Academic journal article Dialogue : A Journal of Mormon Thought

Kid Kirby

Academic journal article Dialogue : A Journal of Mormon Thought

Kid Kirby

Article excerpt

His name was Reeves Kirby and he was eighteen that summer. He was small of stature and unlikely to grow bigger. Moreover, he had a mild temperament, blond hair, bland blue eyes, and a downy upper lip-truly an unlikely candidate for the fast-draw artist the public later made him out to be.

He came up to the ranch at Almy to help his dad, Tull Kirby. Reeves meant to go back to Tooele in the fall and marry his high school sweetheart, Mary Beth McAllister. She was the pharmacist's daughter. Reeves planned to go to pharmacy school over in Pocatello. He for sure wasn't going to be a rancher.

His dad's ranch at Almy was down the Bear River five miles from Evanston, Wyoming. Tooele was in Utah. The distance between the two towns was about eighty-five miles. Culturally, it could have been a thousand. Reeves didn't figure on stumbling into a gunfight that summer with the notorious killer, gambler, and bawdy-house proprietor Thomas Galt. Reeves didn't own a revolver; he didn't know how to load one. All he knew was that you had to pull the trigger.

The ranch at Almy was called the Elkhorn. Long ago somebody had nailed an elk antler to the barn. There were cattle to tend at the Elkhorn, also fields of alfalfa to irrigate and harvest. For maybe a week after he arrived, Reeves found the work tolerable. But when a rancher from upriver showed up wanting to hire him to some break some horses, he was ready to listen.

This fellow's name was Homer Blanchard and he had a contract to provide twenty-five well-broken horses to the US Cavalry stationed at Fort Duchesne by the middle of September. He had some prime mustangs, and he needed someone who was extra good at breaking horses to take them. "I need them mustangs broke pronto," he said, "and I need 'em broke right, and your granddad says you can do it."

He had just been out to visit Reeves's grandfather, Riel Kirby, who raised horses at the Narrows of the Bear River. "A horse has pitched your granddad onto a fence and he's too stove up to take on my project," Homer said, looking Reeves over as if he were inspecting him for blemishes. "He says his Ute helper ain't up to the task, but he says you can handle it. Says you are extra good at breaking horses. Says you are a genius at it."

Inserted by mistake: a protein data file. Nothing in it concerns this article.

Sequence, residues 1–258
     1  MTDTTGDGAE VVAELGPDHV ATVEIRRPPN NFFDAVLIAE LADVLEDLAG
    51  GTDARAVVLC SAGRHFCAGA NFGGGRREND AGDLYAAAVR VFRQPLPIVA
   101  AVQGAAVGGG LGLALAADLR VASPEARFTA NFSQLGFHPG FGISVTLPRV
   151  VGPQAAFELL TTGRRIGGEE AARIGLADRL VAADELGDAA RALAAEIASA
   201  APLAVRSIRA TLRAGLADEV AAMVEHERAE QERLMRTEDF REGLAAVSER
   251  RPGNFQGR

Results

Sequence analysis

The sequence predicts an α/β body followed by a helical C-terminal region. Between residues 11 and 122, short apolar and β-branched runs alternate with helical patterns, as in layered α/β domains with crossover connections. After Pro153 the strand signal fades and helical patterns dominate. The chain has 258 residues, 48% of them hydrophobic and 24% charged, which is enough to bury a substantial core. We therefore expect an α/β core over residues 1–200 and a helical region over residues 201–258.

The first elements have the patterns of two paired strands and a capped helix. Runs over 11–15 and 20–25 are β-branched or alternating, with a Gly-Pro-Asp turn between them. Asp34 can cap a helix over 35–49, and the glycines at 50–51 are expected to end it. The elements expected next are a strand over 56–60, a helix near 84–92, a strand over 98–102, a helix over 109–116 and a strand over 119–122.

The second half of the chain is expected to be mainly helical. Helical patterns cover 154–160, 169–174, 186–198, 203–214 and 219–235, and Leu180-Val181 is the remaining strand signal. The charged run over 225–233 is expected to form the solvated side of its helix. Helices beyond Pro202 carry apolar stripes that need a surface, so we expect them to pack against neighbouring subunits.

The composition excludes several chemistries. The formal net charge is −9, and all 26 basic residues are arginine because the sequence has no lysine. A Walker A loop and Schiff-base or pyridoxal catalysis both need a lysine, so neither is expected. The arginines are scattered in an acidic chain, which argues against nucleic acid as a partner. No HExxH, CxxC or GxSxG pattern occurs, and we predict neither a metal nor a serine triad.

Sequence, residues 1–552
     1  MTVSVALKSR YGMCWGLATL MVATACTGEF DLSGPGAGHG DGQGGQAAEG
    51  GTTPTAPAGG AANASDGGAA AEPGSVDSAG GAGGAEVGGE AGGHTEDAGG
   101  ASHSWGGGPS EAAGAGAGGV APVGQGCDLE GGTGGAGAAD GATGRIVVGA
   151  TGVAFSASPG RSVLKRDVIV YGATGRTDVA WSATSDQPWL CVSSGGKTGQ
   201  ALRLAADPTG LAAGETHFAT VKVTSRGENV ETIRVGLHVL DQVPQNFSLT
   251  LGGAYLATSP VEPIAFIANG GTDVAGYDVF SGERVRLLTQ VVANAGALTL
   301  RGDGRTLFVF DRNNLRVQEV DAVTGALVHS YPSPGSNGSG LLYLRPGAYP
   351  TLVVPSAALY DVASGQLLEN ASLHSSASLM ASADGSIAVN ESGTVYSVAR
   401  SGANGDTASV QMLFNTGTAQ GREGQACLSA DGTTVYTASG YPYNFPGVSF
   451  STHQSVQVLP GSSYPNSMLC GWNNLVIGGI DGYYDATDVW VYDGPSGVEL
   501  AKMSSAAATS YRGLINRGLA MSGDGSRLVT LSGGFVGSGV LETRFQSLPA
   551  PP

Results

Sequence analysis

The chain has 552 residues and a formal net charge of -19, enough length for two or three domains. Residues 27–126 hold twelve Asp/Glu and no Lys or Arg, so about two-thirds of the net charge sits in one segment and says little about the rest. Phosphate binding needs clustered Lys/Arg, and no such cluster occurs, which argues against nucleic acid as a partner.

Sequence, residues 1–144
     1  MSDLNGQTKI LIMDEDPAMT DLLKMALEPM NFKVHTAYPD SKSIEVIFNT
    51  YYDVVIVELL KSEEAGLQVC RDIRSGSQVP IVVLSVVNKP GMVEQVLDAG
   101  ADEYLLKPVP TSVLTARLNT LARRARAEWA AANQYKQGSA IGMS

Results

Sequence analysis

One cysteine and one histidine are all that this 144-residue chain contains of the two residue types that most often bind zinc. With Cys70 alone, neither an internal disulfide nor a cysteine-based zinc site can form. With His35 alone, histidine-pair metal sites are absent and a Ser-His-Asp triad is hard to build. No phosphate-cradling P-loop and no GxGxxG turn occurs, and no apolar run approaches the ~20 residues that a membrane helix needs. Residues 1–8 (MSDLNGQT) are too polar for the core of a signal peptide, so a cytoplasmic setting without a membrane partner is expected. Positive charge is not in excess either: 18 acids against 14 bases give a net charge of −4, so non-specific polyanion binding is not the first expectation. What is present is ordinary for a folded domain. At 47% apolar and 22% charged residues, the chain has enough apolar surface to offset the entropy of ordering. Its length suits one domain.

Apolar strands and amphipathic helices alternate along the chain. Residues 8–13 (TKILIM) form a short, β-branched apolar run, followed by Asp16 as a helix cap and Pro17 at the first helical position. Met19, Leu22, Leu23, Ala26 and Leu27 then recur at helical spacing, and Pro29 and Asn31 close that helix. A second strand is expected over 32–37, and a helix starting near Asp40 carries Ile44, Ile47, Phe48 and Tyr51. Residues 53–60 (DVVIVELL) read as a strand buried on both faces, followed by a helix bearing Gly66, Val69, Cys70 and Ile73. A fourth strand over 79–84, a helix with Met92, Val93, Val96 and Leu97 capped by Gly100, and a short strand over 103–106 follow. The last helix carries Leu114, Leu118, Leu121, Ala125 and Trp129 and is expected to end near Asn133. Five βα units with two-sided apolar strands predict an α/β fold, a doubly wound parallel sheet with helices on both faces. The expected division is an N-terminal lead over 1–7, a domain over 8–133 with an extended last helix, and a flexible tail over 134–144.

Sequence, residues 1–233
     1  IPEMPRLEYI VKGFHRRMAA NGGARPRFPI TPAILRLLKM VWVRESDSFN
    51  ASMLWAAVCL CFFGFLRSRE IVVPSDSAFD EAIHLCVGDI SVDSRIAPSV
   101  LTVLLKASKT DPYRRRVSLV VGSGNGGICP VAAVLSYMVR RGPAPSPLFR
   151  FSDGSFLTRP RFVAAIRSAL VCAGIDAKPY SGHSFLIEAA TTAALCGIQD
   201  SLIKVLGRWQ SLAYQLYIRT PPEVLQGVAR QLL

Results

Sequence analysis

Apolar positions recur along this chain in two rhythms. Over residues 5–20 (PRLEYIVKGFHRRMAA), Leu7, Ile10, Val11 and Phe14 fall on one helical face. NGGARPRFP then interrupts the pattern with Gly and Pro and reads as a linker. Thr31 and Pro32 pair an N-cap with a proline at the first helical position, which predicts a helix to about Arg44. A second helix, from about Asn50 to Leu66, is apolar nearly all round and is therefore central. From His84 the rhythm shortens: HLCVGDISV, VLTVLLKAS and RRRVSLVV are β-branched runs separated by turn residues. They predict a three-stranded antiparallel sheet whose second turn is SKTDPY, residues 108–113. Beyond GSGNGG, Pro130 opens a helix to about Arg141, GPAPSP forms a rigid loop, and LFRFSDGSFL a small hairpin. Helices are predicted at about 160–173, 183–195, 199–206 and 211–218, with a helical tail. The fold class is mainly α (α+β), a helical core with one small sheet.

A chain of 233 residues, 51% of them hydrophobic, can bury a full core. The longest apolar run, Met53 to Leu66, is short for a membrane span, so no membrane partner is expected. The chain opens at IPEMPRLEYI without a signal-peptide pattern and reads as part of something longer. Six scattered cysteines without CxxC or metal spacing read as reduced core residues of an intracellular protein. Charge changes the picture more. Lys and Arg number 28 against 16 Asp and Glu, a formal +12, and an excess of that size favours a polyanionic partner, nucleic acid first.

Reeves scuffed the toe of his shoe in the dirt. It had been a while since he'd tried his hand at sweet-talking a bronco into letting him on its back without a lot of fire and fustian-ever since his grandfather had sold his ranch at Tooele. "I could give it a try, I guess, if my folks will let me," he said.

"Let me fix it up with your dad and mom," Homer said. "You come stay in the bunkhouse for a week and I'll pay you triple. You gentle a couple of broncs and I'll have my buckeroos finish them off. And no hard feelings if it don't work."

Tull was okay with this proposition, having found out that a neighboring rancher had some big sons willing to work for a lot less than Reeves would be making with Homer. Predictably, his mother, Eula, said an emphatic no, and it took several days for Reeves to overcome her objections by persuading her that, rather than allowing Homer's cowboys to corrupt his morals, he would impress them by his resolute adherence to Mormon standards, thereby opening their hearts to becoming members of the Church. Moreover, he solemnly promised to ride home on Saturday evening in plenty of time to get a good night's sleep and prepare for driving to sacrament meeting with his folks.

Reeves did as he had promised at the end of the first week, telling his mother with considerable pride that Homer was satisfied with his work and wanted to hire him for gentling the entire herd of twenty-five horses. Reeves hoped she'd let him accept. It seemed like breaking horses was a gift Heavenly Father had given him and he ought to exercise it, especially since the pay was so generous and he'd have enough money to go forward with his plans to ask Mary Beth to marry him and to apply for pharmacy school at Idaho State University in Pocatello. …

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